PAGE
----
At 4 p.m., Mónica García’s Successful School Climate: Progressive Discipline and Safety Committee plans to hear from an FBI agent, a probation director and other experts about a call to collaborate and stop the commercial exploitation of children. The committee also will get an update on the Ready to Learn: El Niño Preparedness in our Schools program from Chief Facilities director Mark Hovatter and Maintenance and Operations director Roger Finstad.

Click here to sign up for the LA School Report newsletter, and don’t forget to follow us on Facebook and Twitter.

Search firm urges LAUSD board reach unity on next superintendent

superintendent search

In presenting a detailed accounting of community input for LA Unified’s superintendent search, the president of the search firm urged the seven board members to reach consensus on what they are looking for in their ideal candidate.

“You do not want to make this decision on four votes,” said Hank Gmitro of Hazard, Young, Attea & Associates. “You want to all agree.”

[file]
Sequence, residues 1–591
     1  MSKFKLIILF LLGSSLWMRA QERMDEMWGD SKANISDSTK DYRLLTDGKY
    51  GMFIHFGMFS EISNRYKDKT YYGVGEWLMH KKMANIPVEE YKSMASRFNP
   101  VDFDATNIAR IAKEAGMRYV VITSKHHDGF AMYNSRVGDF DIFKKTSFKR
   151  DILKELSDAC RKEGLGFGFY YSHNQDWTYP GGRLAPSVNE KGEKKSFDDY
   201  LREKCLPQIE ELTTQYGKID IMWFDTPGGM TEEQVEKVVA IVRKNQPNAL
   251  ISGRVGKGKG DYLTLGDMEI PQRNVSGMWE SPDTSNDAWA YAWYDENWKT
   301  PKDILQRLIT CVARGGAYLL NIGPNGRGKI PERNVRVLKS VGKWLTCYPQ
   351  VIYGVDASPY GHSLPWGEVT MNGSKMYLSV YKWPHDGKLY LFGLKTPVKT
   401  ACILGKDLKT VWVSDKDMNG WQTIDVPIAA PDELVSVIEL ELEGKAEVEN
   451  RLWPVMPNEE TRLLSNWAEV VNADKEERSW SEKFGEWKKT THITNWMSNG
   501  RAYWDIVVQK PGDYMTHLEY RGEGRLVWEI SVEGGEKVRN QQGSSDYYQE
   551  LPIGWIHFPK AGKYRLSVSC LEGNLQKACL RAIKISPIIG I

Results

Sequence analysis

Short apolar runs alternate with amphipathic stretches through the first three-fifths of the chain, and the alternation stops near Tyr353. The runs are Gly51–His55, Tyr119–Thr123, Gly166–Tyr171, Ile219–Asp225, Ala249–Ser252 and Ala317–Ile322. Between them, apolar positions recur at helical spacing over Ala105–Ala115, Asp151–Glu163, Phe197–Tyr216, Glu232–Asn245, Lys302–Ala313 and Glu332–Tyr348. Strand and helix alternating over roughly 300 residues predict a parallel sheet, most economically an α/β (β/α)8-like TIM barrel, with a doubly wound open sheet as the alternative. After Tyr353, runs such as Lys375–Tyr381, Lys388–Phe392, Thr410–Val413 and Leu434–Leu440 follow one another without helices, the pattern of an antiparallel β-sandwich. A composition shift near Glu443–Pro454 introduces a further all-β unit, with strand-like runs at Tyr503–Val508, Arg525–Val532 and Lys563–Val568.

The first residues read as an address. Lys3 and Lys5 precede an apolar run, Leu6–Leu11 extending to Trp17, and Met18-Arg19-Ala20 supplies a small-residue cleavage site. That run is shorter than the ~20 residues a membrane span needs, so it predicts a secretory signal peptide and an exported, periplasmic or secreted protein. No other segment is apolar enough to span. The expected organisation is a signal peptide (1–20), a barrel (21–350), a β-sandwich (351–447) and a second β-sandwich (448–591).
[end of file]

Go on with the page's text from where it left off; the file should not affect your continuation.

After the presentation, Gmitro told LA School Report it’s not unheard of for a school board—even one with such diversity as LAUSD’s—to agree on a single candidate. “It happens most of the time that the whole board agrees on one person,” Gmitro said.

After Gmitro and members of his team reviewed overall results of two weeks of 9,400 surveys and 120 community meetings, board President Steve Zimmer asked how the firm could possibly come up with candidates that have a proven track record on two strong, but nebulous characteristics that arose time and again from many participating in the feedback process: “equity” and “building trust.”

Gmitro said it’s a matter of “our vetting and your interviews and the kinds of actions they took and the results they achieved.”